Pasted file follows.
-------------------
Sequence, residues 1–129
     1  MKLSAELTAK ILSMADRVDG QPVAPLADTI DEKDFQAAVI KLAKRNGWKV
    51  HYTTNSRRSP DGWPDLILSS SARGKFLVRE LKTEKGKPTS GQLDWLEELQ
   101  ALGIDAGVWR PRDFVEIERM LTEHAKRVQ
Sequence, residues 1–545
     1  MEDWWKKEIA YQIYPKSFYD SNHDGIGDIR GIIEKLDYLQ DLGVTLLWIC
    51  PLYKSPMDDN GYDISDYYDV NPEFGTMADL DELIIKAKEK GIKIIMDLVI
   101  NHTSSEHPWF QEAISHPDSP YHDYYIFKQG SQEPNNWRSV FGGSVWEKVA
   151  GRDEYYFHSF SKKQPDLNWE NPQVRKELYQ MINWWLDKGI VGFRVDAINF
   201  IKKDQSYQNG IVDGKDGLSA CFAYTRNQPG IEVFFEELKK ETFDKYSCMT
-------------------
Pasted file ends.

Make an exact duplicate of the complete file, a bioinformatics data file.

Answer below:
Sequence, residues 1–129
     1  MKLSAELTAK ILSMADRVDG QPVAPLADTI DEKDFQAAVI KLAKRNGWKV
    51  HYTTNSRRSP DGWPDLILSS SARGKFLVRE LKTEKGKPTS GQLDWLEELQ
   101  ALGIDAGVWR PRDFVEIERM LTEHAKRVQ
Sequence, residues 1–545
     1  MEDWWKKEIA YQIYPKSFYD SNHDGIGDIR GIIEKLDYLQ DLGVTLLWIC
    51  PLYKSPMDDN GYDISDYYDV NPEFGTMADL DELIIKAKEK GIKIIMDLVI
   101  NHTSSEHPWF QEAISHPDSP YHDYYIFKQG SQEPNNWRSV FGGSVWEKVA
   151  GRDEYYFHSF SKKQPDLNWE NPQVRKELYQ MINWWLDKGI VGFRVDAINF
   201  IKKDQSYQNG IVDGKDGLSA CFAYTRNQPG IEVFFEELKK ETFDKYSCMT